This story was originally written on Million Mile Secrets. For the latest tips and tricks on traveling big without spending a fortune, subscribe to the Million Mile Secrets daily email newsletter.
When summer rolls in, all I want to do is hit the road and explore the country. There’s nothing more relaxing than taking the long way to your destination with the windows rolled down and your favorite playlist on. The sun is out, the sky is blue and you have no plans other than to drive. To me, that is perfection.
Over the years, I’ve racked up tons of information about planning the perfect road trip, but when a friend gave me a really good tip about finding the cleanest bathrooms (read on…) I realized there was still a lot to learn. So I asked 14 friends to share their best tips on anything road trip-related. These answers are pure gold.
Bonus: I couldn’t resist and had to add my own tip at the end to round it out to 15 total.
1. The Cleanest Bathrooms Can Be Found at McDonald’s
This was the tip that started the whole conversation. I had no idea that McDonald’s was known for clean bathrooms (also Starbucks) and since they are everywhere when you’re traveling, it is super easy to find one when nature calls. I’m sure that there are some exceptions to this rule, but it sounds more promising than many of the gas station bathrooms I’ve visited.
2. Always Stop Driving Before it’s Dark
One of my friends made this great point – if you start driving when it’s light out and end your day of driving before the sun sets, the drive doesn’t feel as long. I never thought of this before, but it’s so true. The nice thing is that in the summer when the days are longer, you can still easily get a 12-hour day in by starting and ending your drive at 6:30.
3. Start the Day With a Full Tank of Gas
For some reason, it seems like stopping to buy gas just takes forever on a road trip. Between fueling up, hitting the bathroom and looking for snacks the time adds up. When you’re on a multi-day road trip, make sure that the last thing you do before parking for the night is to fill up your tank. That way you can really maximize your driving time the next day.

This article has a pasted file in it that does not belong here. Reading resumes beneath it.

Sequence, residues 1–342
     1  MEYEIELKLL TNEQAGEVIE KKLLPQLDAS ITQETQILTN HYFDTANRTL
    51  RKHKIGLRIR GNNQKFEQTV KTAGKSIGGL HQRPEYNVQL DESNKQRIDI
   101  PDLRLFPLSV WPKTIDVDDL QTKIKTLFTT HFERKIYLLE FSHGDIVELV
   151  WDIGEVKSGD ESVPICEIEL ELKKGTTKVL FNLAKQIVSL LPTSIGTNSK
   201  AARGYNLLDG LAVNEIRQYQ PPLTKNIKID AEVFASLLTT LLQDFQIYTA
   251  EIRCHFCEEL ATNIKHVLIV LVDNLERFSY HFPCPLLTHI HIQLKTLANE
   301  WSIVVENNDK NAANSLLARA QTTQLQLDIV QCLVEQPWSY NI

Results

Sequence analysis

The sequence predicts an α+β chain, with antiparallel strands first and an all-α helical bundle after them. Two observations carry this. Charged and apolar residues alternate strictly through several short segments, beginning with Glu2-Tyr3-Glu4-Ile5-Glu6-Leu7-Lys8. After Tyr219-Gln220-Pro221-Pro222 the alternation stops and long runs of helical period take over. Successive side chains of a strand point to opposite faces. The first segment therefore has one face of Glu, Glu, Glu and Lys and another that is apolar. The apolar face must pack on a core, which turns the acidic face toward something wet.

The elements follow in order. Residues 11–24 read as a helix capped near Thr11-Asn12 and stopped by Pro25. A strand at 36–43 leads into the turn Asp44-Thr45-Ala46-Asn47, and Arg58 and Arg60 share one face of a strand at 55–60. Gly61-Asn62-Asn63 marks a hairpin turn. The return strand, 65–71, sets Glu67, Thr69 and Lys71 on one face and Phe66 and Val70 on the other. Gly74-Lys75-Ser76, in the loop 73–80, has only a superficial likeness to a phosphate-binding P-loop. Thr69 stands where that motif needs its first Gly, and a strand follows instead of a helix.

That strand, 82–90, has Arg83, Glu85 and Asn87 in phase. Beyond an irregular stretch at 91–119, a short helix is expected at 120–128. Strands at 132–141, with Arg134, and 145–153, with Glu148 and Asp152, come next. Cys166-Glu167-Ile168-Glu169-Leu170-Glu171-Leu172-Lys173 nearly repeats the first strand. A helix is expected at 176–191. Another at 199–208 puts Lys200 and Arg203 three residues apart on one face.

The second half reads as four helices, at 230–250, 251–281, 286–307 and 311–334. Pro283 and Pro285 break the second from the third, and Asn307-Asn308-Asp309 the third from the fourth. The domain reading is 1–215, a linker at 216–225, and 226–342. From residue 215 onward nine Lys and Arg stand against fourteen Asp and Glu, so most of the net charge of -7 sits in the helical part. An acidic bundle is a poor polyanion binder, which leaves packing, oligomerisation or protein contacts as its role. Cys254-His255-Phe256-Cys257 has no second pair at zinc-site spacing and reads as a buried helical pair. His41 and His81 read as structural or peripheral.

4. Sometimes Taking the Back Roads is Faster
This one is from my dear husband who is notorious for saying, “If we take the back roads instead of the interstate it only adds 20 minutes to our trip!” While that 20 minutes often is stretched into two hours, there are certainly times when the back roads truly are faster than the highway, especially if you’re traveling on a holiday weekend through a highly-trafficked area. Plus, isn’t it just nicer to take in the scenery by going a little off course?
5. Buy a National Parks Pass
There are 60 national parks and thousands of federal recreational sites throughout the US. Each of these requires an entry fee. But you purchase an annual National Parks pass the one fee gives you free entry into all of them. As a bonus, if you’re 62 years old or older, you can purchase a lifetime pass for just $80! Depending on where you’re traveling, there’s a good chance you’ll be near one of these parks; and with this pass, you can drive through or stop for a hike along the way.
6. Go A Little Out of the Way to See Friends
When you’re mapping out your route, consider which friends and family live (even somewhat) along the way. When you’re on a multi-day road trip, going an hour out of the way to visit with friends and stay the night is totally worth it. It gives you something to look forward to at the end of the day. Plus, that’s one less hotel that you’ll have to pay for.
7. Download Podcasts Before You Hit the Road
Asking any of your friends “What’s your favorite podcast right now?” is both a great conversation starter and an easy way to research everything you need to listen to on your next road trip. Anyone who has been on at least one long-distance car ride can attest to the power of the podcast. There are times when you’re just done talking and don’t feel like listening to music. Be sure to download the podcasts you want to listen to (instead of streaming them) just in case you’re driving through an area without cell service. The last thing you want is to be stranded halfway through Serial wondering what happens next.